• Erla says:

      Wow. Just about everything you write sounds very familiar from this side of the city — but the man with the hammer is a Luddite of the first water. Though to be fair, if you’re referring to computer monitors, I think anybody who has or has ever had a computer has seriously thought about smashing it to bits.

  2. Bert says:

    If I leave an empty can or bottle on a window ledge, it’s not really litter, is it? Also, any food item that I cannot finish (this never actually happens with me) can be tossed anywhere, as it is biodegradable. If it’s in the canal it’s feeding the fish, and if it’s on the pavement it is food for the gulls, cats and dogs.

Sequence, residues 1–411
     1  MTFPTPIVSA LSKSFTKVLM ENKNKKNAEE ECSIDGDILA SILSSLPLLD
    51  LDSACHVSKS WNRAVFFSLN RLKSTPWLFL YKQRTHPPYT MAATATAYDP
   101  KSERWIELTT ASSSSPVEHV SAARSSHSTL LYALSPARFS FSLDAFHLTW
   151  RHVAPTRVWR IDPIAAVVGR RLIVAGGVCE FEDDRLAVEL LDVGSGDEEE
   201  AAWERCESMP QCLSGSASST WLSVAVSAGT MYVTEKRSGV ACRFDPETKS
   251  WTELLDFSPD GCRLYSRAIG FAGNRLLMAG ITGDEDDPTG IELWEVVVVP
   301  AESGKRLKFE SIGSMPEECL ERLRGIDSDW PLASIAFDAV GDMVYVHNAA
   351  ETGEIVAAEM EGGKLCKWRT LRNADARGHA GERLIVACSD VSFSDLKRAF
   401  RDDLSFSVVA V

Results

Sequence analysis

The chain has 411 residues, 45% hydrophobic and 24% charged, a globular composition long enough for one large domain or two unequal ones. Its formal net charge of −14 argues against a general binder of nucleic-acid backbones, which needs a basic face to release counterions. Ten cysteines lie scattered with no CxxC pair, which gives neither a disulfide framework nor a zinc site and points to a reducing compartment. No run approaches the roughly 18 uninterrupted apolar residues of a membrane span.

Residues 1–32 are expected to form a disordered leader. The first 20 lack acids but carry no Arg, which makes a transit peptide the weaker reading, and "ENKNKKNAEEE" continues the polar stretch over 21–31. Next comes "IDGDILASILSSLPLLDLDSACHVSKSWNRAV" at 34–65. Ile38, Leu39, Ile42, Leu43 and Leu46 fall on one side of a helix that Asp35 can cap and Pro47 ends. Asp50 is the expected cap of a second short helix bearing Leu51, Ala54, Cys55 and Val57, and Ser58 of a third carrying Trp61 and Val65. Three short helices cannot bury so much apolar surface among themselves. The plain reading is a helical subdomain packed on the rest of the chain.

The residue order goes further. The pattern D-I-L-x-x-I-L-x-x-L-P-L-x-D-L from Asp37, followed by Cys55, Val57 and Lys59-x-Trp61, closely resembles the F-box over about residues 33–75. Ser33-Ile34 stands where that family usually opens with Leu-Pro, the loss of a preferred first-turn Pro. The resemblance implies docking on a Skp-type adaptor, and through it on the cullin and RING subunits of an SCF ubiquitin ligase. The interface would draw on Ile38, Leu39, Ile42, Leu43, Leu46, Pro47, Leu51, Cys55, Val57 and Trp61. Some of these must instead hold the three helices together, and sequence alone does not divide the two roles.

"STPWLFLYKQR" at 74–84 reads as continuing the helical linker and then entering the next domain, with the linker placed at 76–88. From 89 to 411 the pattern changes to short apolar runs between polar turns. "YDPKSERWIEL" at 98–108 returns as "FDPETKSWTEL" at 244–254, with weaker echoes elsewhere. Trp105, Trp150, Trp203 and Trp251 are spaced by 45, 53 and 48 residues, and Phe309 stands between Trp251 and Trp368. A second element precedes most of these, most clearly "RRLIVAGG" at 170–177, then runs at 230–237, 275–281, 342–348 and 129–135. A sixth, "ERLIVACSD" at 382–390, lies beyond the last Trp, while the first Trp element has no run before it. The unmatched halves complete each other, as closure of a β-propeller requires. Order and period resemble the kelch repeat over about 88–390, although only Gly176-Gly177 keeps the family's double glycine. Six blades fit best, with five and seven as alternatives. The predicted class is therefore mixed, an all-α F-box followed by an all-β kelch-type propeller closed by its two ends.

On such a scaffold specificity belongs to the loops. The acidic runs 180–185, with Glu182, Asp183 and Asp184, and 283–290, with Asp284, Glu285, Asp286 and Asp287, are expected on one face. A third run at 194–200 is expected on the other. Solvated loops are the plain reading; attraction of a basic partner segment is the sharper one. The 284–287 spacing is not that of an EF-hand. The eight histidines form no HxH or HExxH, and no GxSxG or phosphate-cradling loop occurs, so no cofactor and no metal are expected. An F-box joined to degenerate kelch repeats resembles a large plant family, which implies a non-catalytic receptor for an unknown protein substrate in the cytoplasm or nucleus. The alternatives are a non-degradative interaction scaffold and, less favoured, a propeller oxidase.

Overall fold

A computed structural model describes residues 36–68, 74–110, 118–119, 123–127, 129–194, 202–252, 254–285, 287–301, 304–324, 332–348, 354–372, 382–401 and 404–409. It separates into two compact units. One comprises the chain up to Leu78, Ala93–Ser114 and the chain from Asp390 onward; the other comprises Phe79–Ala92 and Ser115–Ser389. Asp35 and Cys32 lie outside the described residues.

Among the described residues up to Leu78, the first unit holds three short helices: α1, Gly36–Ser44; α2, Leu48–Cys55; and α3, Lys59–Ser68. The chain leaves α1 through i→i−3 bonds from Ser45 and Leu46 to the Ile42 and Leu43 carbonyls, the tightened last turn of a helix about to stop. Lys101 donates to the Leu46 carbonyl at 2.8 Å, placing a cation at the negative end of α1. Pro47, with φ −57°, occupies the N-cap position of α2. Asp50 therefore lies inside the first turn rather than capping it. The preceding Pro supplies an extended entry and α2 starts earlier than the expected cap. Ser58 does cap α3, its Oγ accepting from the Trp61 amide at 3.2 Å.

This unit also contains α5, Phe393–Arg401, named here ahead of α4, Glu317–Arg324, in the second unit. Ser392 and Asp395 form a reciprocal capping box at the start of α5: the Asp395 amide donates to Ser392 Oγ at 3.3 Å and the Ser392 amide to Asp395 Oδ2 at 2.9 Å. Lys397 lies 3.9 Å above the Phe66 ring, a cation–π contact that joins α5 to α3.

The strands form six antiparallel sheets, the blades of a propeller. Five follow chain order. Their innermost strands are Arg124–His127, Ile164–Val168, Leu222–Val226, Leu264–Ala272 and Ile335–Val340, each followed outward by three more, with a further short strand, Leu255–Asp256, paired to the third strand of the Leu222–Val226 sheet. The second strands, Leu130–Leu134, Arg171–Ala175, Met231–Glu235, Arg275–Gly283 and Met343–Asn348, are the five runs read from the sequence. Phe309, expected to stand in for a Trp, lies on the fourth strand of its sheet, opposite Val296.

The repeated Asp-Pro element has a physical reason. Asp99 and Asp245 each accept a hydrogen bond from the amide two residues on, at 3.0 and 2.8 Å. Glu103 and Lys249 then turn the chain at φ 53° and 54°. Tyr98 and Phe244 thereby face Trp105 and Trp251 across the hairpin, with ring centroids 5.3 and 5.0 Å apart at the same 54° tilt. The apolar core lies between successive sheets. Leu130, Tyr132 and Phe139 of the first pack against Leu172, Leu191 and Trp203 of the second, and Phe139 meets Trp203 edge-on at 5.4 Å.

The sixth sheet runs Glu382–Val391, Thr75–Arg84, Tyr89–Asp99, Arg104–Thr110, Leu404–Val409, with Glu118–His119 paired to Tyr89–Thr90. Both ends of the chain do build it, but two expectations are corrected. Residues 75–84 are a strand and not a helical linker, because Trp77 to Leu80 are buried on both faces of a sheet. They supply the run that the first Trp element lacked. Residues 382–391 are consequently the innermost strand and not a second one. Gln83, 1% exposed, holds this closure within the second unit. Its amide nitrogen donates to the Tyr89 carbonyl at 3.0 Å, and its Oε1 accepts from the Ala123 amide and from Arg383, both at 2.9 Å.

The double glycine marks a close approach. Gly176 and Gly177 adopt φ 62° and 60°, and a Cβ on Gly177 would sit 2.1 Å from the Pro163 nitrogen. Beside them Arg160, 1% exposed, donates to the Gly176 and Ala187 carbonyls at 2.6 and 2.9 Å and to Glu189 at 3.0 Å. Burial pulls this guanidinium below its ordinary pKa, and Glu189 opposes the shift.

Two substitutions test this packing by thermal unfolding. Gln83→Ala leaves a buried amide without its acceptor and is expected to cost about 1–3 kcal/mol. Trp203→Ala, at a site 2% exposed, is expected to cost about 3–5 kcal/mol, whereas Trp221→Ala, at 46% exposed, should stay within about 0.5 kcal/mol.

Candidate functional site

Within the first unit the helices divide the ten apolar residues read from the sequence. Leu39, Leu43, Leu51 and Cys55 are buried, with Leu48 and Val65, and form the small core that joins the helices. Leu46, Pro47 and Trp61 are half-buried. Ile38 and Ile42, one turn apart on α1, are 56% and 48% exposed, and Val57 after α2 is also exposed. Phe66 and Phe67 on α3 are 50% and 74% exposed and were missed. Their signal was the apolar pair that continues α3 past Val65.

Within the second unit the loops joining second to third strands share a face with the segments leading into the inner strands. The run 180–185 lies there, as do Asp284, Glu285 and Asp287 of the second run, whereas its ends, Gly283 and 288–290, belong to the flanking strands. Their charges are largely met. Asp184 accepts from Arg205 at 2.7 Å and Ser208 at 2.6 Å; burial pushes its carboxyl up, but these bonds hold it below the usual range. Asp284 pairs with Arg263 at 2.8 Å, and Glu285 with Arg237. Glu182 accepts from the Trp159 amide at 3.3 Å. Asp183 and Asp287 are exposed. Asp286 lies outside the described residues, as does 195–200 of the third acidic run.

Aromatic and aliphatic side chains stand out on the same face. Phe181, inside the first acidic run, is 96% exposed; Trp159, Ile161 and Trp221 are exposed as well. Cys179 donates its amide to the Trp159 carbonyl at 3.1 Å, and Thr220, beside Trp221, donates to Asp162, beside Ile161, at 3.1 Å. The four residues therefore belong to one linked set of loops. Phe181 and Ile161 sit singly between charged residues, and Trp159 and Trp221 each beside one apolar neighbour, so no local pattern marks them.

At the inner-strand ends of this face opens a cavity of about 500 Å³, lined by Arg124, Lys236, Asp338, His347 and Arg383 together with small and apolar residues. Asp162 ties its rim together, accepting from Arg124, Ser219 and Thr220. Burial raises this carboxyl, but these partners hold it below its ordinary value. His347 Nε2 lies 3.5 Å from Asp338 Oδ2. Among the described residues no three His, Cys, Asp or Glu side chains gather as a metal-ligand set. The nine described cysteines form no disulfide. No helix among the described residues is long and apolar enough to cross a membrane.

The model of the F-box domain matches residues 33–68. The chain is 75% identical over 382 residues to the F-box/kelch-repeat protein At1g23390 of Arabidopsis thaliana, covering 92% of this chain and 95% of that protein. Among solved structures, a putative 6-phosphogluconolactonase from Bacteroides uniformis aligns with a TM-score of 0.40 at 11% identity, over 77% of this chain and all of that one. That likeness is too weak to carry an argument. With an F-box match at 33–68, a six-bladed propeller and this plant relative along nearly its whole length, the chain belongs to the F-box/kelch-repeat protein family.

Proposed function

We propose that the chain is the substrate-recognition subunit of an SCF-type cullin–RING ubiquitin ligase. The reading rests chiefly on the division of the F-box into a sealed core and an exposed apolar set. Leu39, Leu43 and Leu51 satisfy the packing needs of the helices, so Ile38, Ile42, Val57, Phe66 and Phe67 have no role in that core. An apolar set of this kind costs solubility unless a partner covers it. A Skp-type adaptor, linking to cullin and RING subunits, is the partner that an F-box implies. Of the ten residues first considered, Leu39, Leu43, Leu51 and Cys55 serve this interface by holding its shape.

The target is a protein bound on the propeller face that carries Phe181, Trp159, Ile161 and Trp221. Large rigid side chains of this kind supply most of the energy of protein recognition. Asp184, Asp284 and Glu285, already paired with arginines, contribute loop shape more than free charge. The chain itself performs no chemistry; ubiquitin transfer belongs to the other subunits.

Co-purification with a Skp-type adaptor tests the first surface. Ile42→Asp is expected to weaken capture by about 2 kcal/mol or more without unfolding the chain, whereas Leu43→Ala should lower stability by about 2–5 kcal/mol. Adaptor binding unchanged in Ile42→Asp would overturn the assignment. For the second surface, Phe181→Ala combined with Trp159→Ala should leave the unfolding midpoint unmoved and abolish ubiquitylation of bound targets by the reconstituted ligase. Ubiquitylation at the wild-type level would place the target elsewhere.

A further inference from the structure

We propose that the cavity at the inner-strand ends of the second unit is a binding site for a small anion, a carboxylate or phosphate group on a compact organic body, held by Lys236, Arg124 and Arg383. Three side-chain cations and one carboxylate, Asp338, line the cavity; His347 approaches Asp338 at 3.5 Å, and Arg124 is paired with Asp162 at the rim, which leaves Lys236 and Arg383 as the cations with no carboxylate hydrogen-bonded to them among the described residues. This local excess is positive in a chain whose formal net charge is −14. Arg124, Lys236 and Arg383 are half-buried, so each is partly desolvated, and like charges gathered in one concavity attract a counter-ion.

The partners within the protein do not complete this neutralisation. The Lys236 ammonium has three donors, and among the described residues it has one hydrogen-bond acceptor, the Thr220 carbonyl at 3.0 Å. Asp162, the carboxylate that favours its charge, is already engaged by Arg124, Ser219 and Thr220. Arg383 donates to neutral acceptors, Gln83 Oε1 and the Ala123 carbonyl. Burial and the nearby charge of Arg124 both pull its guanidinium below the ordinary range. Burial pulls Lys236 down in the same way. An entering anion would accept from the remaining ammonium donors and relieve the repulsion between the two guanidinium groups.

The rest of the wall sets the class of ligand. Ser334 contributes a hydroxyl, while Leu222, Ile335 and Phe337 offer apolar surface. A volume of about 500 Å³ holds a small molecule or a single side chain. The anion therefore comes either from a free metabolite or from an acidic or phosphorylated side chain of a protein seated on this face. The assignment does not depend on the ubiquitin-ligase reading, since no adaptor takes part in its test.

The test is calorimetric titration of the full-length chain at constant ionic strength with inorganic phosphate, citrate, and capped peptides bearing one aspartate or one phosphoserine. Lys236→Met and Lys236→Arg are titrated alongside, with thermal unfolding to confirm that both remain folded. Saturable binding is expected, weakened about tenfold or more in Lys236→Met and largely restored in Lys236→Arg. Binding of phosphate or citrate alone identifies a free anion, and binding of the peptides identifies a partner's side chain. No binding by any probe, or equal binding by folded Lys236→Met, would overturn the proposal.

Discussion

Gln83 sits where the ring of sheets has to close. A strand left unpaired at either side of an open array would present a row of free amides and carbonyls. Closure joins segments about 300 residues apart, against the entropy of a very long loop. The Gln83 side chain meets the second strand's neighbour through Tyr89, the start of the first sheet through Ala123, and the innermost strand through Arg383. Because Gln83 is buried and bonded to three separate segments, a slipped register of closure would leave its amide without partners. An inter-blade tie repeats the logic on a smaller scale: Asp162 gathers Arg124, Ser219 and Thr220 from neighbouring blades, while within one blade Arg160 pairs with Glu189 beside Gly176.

What is wrong with people? I’d like to leave junk outside their house and see how they like it. But they could be so stupid they would not notice or care.

  3. Erla says:

    You’re joking, I presume. You must be joking. If you were serious, I’d say Yes, it’s litter on a window ledge. If you were to imagine the ledge being yours, would you see the situation differently? The idea of tossing a food item wherever you want is only justifiable if you keep pigs, or have recently come to Venice from your village in remotest Bananastan. It’s illegal (ugly, and also uncouth) to throw ANYTHING in the canals. Leaving food on the pavement is also ugly and unsanitary — gulls are made to find their own food, of which the lagoon abounds, and cats and dogs shouldn’t be eating anybody’s trash. However, it is a lovely and humane thought to leave food out for rats.